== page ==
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Title: On the edge of one’s seat : the phenomena of madness in cinema.
Authors: Lim, Ruth Fang Hui.
Keywords: DRNTU::Humanities::Literature::English
Issue Date: 2011
Abstract: The term madness has conceived many definitions, both scientific and social, and has been used in various ages and cultures to differentiate the sane from the insane. As described by German philosopher, Friedrich Nietzsche, there is madness in almost any form of social or political construct across the ages. Over time, the cinematic theatre has been used as a medium in capturing and presenting the performance of madness on screen and one recurring symptom of madness in Hollywood blockbusters and psychological thrillers is that of psychosis. In the study of Christopher Nolan’s The Dark Knight (2008) and Martin Scorsese’s Shutter Island (2010), both films raise the question of who is locked in and who is locked out? Would it make society anymore sane by labeling and exiling madmen? How does cinema facilitate the performance of madness on screen and in the cinematic theatre? This paper will posit the cinema as a site of the performance of madness in conjunction with the study of clinical psychiatry’s definition of madness as an idea as compared to the understanding of madness as a representation of the social condition. On the one hand, the idea and representation of madness is being performed for the spectator on screen. On the other hand, the spectator witnesses the performance of madness within a safe distance from the screen in an enclosed space of the cinematic theatre; similar to a ‘safe’, ‘controlled’ environment (i.e. the asylum).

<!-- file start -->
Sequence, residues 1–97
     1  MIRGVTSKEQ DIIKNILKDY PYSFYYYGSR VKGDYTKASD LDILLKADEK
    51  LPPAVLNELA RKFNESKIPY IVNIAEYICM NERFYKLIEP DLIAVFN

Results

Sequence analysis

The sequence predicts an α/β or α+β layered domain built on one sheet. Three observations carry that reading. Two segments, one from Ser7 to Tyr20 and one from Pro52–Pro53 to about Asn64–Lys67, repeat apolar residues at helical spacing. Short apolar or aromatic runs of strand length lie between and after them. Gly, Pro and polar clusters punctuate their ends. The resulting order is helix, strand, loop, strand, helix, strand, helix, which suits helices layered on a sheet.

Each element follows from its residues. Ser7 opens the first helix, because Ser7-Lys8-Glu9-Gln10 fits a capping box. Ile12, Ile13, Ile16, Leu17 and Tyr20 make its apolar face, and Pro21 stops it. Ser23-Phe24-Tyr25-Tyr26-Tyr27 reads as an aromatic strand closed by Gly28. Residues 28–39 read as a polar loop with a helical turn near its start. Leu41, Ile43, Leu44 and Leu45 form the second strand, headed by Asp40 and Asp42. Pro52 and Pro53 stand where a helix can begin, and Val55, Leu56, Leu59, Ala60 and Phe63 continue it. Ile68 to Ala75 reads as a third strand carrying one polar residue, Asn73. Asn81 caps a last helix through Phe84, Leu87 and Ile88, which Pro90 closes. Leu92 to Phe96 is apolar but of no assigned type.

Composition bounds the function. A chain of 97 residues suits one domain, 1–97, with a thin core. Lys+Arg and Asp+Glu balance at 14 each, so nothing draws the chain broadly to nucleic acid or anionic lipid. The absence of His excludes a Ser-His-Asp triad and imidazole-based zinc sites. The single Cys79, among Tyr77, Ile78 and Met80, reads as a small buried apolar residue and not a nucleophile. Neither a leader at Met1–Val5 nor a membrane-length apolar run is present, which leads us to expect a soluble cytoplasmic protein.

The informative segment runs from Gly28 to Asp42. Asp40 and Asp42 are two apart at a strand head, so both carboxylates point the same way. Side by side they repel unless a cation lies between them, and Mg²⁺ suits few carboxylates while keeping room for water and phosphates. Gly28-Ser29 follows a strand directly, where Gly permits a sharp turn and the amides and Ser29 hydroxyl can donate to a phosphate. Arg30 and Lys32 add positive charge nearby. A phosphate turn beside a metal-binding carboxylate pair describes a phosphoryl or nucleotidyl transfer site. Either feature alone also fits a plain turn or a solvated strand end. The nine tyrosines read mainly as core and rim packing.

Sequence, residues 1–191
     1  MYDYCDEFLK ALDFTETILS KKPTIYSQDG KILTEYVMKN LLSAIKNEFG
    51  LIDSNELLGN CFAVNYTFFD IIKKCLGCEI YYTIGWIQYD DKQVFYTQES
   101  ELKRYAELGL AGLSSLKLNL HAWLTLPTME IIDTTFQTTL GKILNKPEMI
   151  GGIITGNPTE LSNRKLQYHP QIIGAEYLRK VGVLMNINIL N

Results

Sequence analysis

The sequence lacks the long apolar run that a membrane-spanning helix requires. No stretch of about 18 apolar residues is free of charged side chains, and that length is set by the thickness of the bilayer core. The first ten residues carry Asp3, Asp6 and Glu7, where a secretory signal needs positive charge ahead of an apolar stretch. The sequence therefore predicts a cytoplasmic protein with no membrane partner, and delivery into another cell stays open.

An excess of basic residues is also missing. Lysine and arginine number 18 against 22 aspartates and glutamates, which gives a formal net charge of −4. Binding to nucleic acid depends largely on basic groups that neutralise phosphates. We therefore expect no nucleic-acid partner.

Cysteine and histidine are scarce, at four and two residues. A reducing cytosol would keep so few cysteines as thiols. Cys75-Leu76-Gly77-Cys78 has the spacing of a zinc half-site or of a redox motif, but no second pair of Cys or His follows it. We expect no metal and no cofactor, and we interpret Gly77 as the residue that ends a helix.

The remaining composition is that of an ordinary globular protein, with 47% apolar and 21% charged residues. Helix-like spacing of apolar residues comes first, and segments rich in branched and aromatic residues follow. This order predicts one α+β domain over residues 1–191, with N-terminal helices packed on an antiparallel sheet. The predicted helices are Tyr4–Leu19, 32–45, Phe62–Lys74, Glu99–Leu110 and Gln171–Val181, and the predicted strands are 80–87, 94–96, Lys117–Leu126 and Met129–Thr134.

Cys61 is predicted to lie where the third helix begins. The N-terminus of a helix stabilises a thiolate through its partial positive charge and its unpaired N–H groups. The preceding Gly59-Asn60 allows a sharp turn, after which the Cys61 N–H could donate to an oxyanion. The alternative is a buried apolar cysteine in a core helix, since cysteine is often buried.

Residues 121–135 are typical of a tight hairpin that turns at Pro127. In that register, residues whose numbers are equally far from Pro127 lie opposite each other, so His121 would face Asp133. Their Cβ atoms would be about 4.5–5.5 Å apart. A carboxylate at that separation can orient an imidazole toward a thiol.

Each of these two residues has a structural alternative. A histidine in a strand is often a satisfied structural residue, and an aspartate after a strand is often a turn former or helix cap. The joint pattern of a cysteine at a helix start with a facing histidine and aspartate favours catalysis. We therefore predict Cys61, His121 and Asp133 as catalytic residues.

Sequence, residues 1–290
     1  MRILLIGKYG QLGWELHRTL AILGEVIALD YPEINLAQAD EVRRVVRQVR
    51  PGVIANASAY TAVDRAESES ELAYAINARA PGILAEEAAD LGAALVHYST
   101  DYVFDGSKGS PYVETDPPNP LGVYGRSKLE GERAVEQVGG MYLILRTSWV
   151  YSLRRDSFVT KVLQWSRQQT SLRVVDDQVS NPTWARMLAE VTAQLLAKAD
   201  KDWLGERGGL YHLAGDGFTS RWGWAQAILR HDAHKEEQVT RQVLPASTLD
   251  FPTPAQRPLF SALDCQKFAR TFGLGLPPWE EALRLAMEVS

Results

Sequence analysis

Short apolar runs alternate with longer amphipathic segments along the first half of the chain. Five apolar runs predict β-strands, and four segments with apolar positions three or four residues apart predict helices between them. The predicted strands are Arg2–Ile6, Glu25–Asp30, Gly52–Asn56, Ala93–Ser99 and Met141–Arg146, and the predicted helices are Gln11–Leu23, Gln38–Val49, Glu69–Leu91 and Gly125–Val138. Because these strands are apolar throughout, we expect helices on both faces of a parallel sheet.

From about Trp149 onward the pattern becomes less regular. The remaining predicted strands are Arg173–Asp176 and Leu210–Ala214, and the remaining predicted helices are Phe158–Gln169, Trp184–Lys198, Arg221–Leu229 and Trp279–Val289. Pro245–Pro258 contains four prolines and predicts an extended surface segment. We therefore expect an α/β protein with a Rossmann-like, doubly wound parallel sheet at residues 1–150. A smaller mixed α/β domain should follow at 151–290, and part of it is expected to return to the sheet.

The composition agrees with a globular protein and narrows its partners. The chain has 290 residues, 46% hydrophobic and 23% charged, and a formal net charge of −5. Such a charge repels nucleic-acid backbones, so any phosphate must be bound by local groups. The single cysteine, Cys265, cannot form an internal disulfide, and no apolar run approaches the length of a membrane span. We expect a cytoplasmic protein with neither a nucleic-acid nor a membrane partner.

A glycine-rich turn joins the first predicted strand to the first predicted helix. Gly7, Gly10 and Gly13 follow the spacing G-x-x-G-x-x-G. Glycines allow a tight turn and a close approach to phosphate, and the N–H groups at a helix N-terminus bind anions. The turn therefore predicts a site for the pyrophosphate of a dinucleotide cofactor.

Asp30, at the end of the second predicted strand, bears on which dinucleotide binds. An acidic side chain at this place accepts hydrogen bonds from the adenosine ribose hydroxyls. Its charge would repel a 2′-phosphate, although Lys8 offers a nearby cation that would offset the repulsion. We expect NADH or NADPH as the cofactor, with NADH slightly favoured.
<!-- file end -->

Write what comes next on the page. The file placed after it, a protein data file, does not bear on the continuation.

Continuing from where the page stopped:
Rights: Nanyang Technological University
Fulltext Permission: restricted
Fulltext Availability: With Fulltext
Appears in Collections:HSS Student Reports (FYP/IA/PA/PI)

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